I flew into Monterey on a wet and dark December day. The 22nd to be exact. That was nearly four and a half years ago. I remember passing a range of hills that looked as though wispy clouds had been brushed onto the tops – and thinking “I’ve got to hike those.” I was thrilled with the size of the airport – pocket-sized – and not nearly big enough to cause a panic attack.
I was coming in from a three-month stay at Betty Ford in Palm Springs – my longest stay in a residential treatment center to date. I’d never lived in Monterey and figured it was a great place to start anew. A peer from the center had offered me full use of her apartment while she stayed behind to finish out her program.
I discovered that Monterey is windy. It was while I was there. But I liked everything else about it. It’s a quaint artsy sort of town that reminds me of a ski town in Colorado, though I couldn’t tell you which one. My original plan was to get back into AA, find a job, and figure out what I wanted to do with my life. I spent the first week or so exploring the city, but as I think back – I can see that I wasn’t grounded. I was actually very checked out. Not only did I not know a soul in Monterey, I didn’t know my own. And I had no idea how to discover my vision, my mission, or my life purpose. I had no idea what the whisper of my heart sounded like.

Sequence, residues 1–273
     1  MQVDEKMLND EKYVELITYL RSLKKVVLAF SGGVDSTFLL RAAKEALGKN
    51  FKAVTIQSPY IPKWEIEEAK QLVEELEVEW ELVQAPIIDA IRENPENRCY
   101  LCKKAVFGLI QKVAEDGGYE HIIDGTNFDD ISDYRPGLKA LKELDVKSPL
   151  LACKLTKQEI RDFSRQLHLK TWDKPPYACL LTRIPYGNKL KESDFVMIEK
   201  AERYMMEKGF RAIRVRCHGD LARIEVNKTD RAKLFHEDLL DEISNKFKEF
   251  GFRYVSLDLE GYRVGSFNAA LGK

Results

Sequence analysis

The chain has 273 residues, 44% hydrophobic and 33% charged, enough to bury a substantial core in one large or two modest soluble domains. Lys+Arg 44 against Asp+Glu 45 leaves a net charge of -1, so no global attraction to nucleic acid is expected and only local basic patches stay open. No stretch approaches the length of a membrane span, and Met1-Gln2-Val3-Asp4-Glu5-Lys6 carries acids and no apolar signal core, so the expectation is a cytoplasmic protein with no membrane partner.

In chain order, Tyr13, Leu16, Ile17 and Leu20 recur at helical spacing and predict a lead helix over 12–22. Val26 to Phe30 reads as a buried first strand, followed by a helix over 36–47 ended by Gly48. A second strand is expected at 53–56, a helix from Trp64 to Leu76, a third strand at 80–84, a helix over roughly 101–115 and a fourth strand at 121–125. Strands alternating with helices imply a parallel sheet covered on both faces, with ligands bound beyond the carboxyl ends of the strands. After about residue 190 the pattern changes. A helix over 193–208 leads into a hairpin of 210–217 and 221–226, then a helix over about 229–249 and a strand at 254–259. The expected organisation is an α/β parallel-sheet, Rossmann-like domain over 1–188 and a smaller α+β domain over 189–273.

Or maybe I did have an inkling, but the thread that connected the idea to my heart was too thin for me to recognize. I have to credit something for wanting to go to Monterey in the first place. Something pulled me there. But I got lost in ideas of fleeing to safety rather than creating it. The danger I was in was living without a vision of my needs and values. This caused me to spiral. I didn’t attend AA or do anything to support my sobriety. But I didn’t relapse either – there in Monterey. A month after I arrived, I left for Huntington Beach, and began the descent back into alcoholism.
Up until today, my life has full of moves – zipping from one idea to the next, one city or state to the next – never committing. Never following through. Never taking time to acclimate. I’ve always had one foot out the door – no matter where I’ve been or what I was doing. I’m grateful to have found the field of life-coaching. I wonder if I would have found this eventually in Monterey had I stayed, or if it was necessary for me to go back out again and revisit treatment one more time.
Four and a half years later, I’m coming up on a year of sobriety – 11 May is just around the corner! I’m committed and grounded, and focused on listening to my heart. I even created a mantra! This coaching program business is helping me change my life and I can’t wait for the opportunity to help others into recovery with these same tools. It feels like a gift. My fieldwork for class tonight was to repeat this phrase as often as I can remember it today: Today and everything about today is perfect – just as it is.
Maybe in a different universe, I stayed in Monterey. Maybe in this one, I’ll go back.
But not yet.